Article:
There were four of us glorified janitors working in the makeshift quarantine wing of our prison.  Besides cleaning, we were tasked with moving and caring for sick (even dead) inmates.  At the peak of our coronavirus outbreak, we worked seven days a week double shifts, sweating through our full PPE—too busy to even stop and eat.  It was only at the end of the day, during my shower, that I would finally have a moment to catch my breath.  Sometimes I would break down, hiding my tears as the warm water washed over me.  My co-workers and I suffered everything from nightmares to migraines.  We lost and gained weight at an alarming rate.  We slept sporadically and were often depressed or angry.  Double D, my morning co-worker, said it best, “We are never going to be the same after this… you cannot unsee or undo this type of damage.”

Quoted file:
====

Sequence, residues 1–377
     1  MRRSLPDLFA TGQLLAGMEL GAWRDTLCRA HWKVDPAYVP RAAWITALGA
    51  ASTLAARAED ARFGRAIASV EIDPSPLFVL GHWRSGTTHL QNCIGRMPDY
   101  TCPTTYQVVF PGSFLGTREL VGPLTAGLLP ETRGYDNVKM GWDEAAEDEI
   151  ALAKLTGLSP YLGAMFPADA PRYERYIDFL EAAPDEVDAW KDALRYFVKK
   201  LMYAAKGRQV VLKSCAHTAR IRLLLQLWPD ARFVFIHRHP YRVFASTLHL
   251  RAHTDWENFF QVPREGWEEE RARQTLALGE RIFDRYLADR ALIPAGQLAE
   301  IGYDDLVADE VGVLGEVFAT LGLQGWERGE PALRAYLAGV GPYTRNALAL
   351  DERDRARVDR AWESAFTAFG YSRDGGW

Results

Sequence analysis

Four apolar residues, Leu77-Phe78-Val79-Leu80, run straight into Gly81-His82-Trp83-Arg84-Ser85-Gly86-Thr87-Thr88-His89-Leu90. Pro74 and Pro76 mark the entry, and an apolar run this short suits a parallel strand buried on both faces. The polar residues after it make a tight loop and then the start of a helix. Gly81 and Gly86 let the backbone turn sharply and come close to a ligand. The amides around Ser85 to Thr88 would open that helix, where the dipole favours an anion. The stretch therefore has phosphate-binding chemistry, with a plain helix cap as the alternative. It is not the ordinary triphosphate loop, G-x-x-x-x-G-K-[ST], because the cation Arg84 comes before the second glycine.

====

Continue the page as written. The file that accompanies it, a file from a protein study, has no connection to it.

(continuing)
Continue reading “Saving Your Mind: Mental Health in the Age of COVID”

COVID Prison Testimonies: Rudy Vandenborre in Florida, September 2020

A Donkey’s Rock
By Rudy Vandenborre
Everglades Correctional Institution
September 12, 2020

When I went to Washington, D.C. from a small farmer’s town in Belgium, it felt like I entered a whole new unknown world. As a butterfly who morphed, fluttering its wings for the first time, I believed that I was invincible by living a very dangerous lifestyle. “Whatever happens to other people ain’t going to happen to me,” became my motto.

The first time I encountered an unseen enemy was when I took a guy home who insisted on us wearing condoms. AIDS was running rampant all around the world—every country, every city became a hot-zone. However, the mainstream media stayed mum on this HIV pandemic, as it was still branded a gay disease.

There is a saying that even a donkey will not stumble over the same rock twice! So, why did I?

Continue reading “COVID Prison Testimonies: Rudy Vandenborre in Florida, September 2020”

Letter from Josh O’Connor: solitary confinement, food access, and being Native in prison

The following is excerpted from a letter sent to us a Prison Health News reader, published with his permission.